#109: 110L Biotope Aquascape: Cross-section of a Beaver Pond
Phil Edwards, Charlotte NC USA | E-mail: adverts at aquatic-gardeners.org
◀ Previous Aquascape
Next Aquascape

Aquascape Details

Tank Size
76 x 30 x 61 cm (30 x 12 x 24 in)
110L (29 gallons)
2x 65w Power Compact Fluorescent 12-14hrs/day
None, other than what is provided by the plants.
Additional Information
My intention with this aquarium is to recreate the natural environment as closely as possible for both the benefit of the fish and the interest of the viewer. Due to the nature of the location traditional aquascaping practices such as sloping substrate and well defined groups of plants are not appropriate. The main goal of the aquascaping is to give the viewer the impression that he/she has directly submerged into the middle of the location, hence the Ludwigia is planted all the way up to the glass. There is little area of the bottom of this area of the pond that isn't covered with plants. Seeing the emersed stems of Polygonum and Myriophyllum growing out of a veritable carpet of submerged Ludwigia is an inspiring sight and I wanted to capture that as much as possible.
Aside from a very occasional drop of trace elements in the beginning the only fertilization the tank has received/receives is from the fish food and what is provided by the substrate. Although not visible in the photos, much of the upper layer of the substrate is covered with, and penetrated by, a complex root system, just as is found at the type location. Watching the aging processes and organisms in the substrate are as fascinating as those going on above it. I have to admit to being inordinately proud that all of the Polygonum have flowered and are sporting beautiful pink inflorescences. It's too bad they don't have a smell.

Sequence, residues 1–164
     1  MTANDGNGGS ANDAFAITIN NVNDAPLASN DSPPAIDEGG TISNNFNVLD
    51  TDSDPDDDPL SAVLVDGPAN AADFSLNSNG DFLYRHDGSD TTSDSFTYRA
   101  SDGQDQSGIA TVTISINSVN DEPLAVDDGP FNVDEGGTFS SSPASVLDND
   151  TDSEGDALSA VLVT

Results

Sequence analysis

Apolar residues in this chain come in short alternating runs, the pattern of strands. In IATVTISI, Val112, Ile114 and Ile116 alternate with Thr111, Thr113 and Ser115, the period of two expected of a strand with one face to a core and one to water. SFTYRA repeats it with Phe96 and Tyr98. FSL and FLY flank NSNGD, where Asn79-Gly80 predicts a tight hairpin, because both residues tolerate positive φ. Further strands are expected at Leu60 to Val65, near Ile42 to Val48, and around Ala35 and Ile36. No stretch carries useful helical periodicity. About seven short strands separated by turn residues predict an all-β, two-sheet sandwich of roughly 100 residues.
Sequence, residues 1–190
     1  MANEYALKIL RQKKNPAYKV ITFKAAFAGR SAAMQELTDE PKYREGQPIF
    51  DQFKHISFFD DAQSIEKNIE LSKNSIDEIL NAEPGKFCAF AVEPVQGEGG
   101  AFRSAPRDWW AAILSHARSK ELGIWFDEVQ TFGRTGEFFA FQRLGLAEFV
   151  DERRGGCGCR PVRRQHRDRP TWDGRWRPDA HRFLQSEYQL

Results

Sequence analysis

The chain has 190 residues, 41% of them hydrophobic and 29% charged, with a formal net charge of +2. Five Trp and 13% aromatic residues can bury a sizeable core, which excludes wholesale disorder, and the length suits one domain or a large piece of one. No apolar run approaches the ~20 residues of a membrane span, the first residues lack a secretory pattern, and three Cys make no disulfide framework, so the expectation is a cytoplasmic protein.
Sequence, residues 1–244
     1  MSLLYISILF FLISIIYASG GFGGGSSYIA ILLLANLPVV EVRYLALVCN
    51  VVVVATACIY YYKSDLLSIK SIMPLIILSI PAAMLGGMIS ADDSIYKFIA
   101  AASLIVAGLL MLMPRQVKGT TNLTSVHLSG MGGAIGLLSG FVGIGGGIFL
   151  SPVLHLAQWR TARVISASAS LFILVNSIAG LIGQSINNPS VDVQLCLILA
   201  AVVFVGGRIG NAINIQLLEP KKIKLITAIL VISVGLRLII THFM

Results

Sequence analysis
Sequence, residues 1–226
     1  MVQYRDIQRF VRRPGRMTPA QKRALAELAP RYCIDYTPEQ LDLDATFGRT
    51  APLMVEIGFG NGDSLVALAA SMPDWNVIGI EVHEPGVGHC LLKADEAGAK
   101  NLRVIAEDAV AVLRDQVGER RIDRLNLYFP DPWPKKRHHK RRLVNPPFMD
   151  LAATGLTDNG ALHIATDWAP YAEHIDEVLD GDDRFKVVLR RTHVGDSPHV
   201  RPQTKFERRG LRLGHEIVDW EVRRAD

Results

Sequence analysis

The insect fauna of this little ecosystem is fascinating too. There are small sap sucking insects colonizing the Myriophyllum that provide a nice treat for the fish when there are enough to knock off into the water. The other day I found a small damselfly sitting on a leaf and sadly watched it fly away before I could get my camera. Many other flying insects flit in and out of the tank on an almost daily basis, though most are unknown to me.
Maintenance is very simple, only the occasional top-off as needed along with daily feedings. Even trimming isn't a hassle, the only thing that needs to be trimmed is the Myriophyllum and that's only been needed once in the five months the tank's been set up. With such vigorous emersed growth from the Polygonum and Myriophyllum the Ludwigia is growing slowly and hasn't yet needed to be trimmed. At this point my intent is to let everything continue to grow as tall and bushy as it will with as little direction from me as possible except to avoid damage from burning from contact with the light.
Cross-section of a Beaver Pond
Ludwigia palustris, Myriophyllum brasiliense, Polygonum cespitosum
8 Gambusia holbrookii
Substrate is a coarse sand with small gravel. For purposes of tank hygiene the gravel was collected from the creek leading into the beaver pond where it less muddy. Natural clay and aquatic soil was added to the lower half of the substrate for enrichment.